Redneck Love Note
In the summer of 2008, Don and I took Kimber and two of her chums to Ohiopyle for whitewater rafting. On the previous trip, we had slept in a tent, but this time we rented a hoity-toity "barn" in the campground.
After the four-hour drive, we rolled up to our accommodations - a shed labeled "Horses" - which caused us to laugh uproariously. Next door was an identical structure marked "Pigs" with a family that concerned us a bit. The father was shirtless and drinking an endless can of beer, the mother sported a mullet, and their pickup truck flew a confederate flag. They had two sons, about the same age as our pretty college girls, and I knew these boys' dreams had just come true.
As Don and I unpacked and set up camp, the girls took a walk around the campground, checking out the mini-golf, the store, rec room, and pool. By the time they got back, as I expected, the neighbor boys had made their acquaintance. The girls claimed zero interest, and I recommended being polite but cautious.
Meantime, I was avoiding the pig-barn family as best I could, giving just a friendly smile and a nod as I passed by to use the latrine. I was afraid they might not care for Yankees or lefties and were likely armed. Don is much less judgmental, and claims he was not concerned at all.
On the second evening, after a great day of rafting, we were sitting down for supper when the neighbors walked over and graciously offered us corn-on-the-cob. We all felt guilty for snubbing them before and vowed to be friendlier. But I couldn't help feeling the parents were laying a snare for the girls.
Later that evening we accepted an invitation to the pig barn to play Guitar Hero, which was for Don and I like sampling crack cocaine. To reciprocate, the girls invited the guys to our place for cards and word games. The boys seemed nice enough, though not real bright.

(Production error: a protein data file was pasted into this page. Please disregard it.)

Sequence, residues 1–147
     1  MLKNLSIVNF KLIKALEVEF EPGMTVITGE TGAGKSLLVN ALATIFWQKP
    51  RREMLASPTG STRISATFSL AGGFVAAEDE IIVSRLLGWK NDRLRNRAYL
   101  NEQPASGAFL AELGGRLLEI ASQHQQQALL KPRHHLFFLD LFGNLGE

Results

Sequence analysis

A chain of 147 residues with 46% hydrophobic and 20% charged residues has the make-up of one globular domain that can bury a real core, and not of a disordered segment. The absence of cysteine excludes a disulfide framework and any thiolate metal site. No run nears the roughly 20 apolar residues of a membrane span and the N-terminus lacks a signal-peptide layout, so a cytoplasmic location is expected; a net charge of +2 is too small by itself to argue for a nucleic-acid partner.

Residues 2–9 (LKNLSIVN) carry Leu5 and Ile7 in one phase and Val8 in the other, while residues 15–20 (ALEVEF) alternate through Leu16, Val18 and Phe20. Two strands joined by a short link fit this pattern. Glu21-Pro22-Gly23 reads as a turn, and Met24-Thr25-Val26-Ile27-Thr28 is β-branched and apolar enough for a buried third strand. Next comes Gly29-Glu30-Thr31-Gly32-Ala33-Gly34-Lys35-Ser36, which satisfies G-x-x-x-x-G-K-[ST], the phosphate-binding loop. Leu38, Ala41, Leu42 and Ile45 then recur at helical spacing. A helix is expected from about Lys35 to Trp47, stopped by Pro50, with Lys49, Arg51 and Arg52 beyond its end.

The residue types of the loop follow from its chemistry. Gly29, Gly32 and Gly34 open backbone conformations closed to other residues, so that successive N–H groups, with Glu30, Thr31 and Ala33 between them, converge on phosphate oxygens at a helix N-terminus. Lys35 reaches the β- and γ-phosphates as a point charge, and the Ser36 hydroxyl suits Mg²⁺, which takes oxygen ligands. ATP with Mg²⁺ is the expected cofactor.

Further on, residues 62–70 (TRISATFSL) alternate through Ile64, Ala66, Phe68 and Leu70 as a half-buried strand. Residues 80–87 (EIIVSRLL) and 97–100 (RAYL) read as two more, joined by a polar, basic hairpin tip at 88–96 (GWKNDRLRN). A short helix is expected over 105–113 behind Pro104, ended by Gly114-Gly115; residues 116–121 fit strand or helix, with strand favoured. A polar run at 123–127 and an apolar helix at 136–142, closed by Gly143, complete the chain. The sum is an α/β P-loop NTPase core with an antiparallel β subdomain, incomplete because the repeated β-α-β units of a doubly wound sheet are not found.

The whole situation had me on edge. When you're responsible for three beautiful girls, you have to guard your perimeter at all times. I was already sizing up our defenses on the outside chance they would try to kidnap the girls and make them their mountain women. Don is a pacifist, so he could only try to reason with them. I, on the other hand, could turn into a ninja warrior if my daughter were in danger, and Kimber and her friends seemed tough enough to take Mike Tyson.
We turned in for the night and locked the door of the horse barn. The next day it was time to pack up, but I was having a hard time rousing the girls. Then I saw it! Somebody had shoved a note under the door. It was folded into a little square, the way a fourth grader folds a love note. The outside was decorated with a heart and the words "Open Me."
I was horrified at the thought the boys had been creeping around outside while we slept. The walls of the shed were paper thin, and I wondered if they were still lurking there listening for our reaction. I shook Kimber and showed her the note which she read quietly as the others listened:
By the time she had finished the P.S...:
"kate, I think your very beatiful with your shinning blonde hair, and the hot tanned skin...[sic]",
...Kate was shrieking, I was shushing, and all three had shot out of bed and were throwing belongings in bags. Silently we bugged out of there like a military MASH unit! All eyes were straight ahead as we loaded the car, not wanting to risk eye contact with anyone next door. I felt sick for the boys in their innocent, awkward advances, but I was quite relieved to be out of there and headed back to civilization.
As you can see, I've kept the note to this day, and we often recount the adventure.